paradox: In surveys of information technology (IT) workers in particular, respondents said what they wanted most were things like job challenge, flexible schedules, and additional time off. But more money was
right up at the top of the list of reasons for changing jobs.1
The best-performing companies do not always pay the highest salaries, but
they do pay their top performers much better than their average ones.
Despite the lure of greener money on the other side of the fence, it
is not the size of the salary budget that differentiates between companies that retain their key workers and those that lose them, but rather
the way raises are distributed. The greater the differentiation between
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the financial rewards paid to top and poor performers, the better the
retention record.
Managers can influence how employees perceive the equity of their
income and their raises by rewarding above-average performance evaluations with above-average pay increases. The perception of equity
breaks down when employees rated ‘‘excellent’’ or ‘‘exceptional’’ receive
only average pay raises. This is a problem in work units where all or
most of the employees are highly regarded workers who have regularly
been rated very highly. Without some poor performers to balance the
high ones, managers find it difficult to give above-average raises to
everyone and stay within their budgets. Some managers appeal successfully to upper management for a bigger share of the pie. Otherwise, it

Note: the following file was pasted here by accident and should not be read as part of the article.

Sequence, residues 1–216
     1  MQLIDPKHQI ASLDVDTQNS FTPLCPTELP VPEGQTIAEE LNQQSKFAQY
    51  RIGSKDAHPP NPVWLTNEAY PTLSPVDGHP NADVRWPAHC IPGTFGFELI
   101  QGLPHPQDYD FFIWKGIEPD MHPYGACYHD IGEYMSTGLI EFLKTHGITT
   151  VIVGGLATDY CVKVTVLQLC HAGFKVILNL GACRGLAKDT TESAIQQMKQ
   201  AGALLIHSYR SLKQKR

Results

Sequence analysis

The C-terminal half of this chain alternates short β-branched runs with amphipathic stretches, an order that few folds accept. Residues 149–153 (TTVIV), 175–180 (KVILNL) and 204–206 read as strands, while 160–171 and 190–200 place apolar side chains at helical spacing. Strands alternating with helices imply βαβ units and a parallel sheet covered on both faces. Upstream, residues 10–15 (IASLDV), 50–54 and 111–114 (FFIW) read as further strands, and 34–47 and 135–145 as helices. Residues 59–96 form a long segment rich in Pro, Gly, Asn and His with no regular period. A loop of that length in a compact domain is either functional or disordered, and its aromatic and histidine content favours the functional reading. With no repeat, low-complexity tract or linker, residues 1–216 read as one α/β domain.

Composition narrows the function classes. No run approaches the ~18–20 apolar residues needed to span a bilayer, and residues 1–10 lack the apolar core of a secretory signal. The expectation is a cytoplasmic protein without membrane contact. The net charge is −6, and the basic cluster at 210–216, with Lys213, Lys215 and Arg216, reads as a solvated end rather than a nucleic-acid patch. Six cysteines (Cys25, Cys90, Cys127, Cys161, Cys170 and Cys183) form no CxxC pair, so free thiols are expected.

may be time to rethink the meaning of average. Logically, if everyone
is performing above average, the perception of average is too low. Some
managers may need to raise the bar at the beginning of a performance
cycle and let employees know early on that they need to meet specific
challenges to earn a higher rating and a higher raise.
If you are afraid to differentiate sharply between star performers
and average ones for fear of losing steady, reliable people you depend
on for doing a large share of your unit’s work, there are other ways of
keeping these people. They’ll respond favorably to well-thought-out
nonmonetary rewards and to a positive work environment with opportunities to increase their skills, nonmonetary recognition for the support they provide the unit, flexible work schedules, and adaptation by
the company to their work/life needs.
A Checklist for Applying the Principles of Equity
In the perception of those who report to you, which equity equations need balancing in your
work unit? Check all that apply.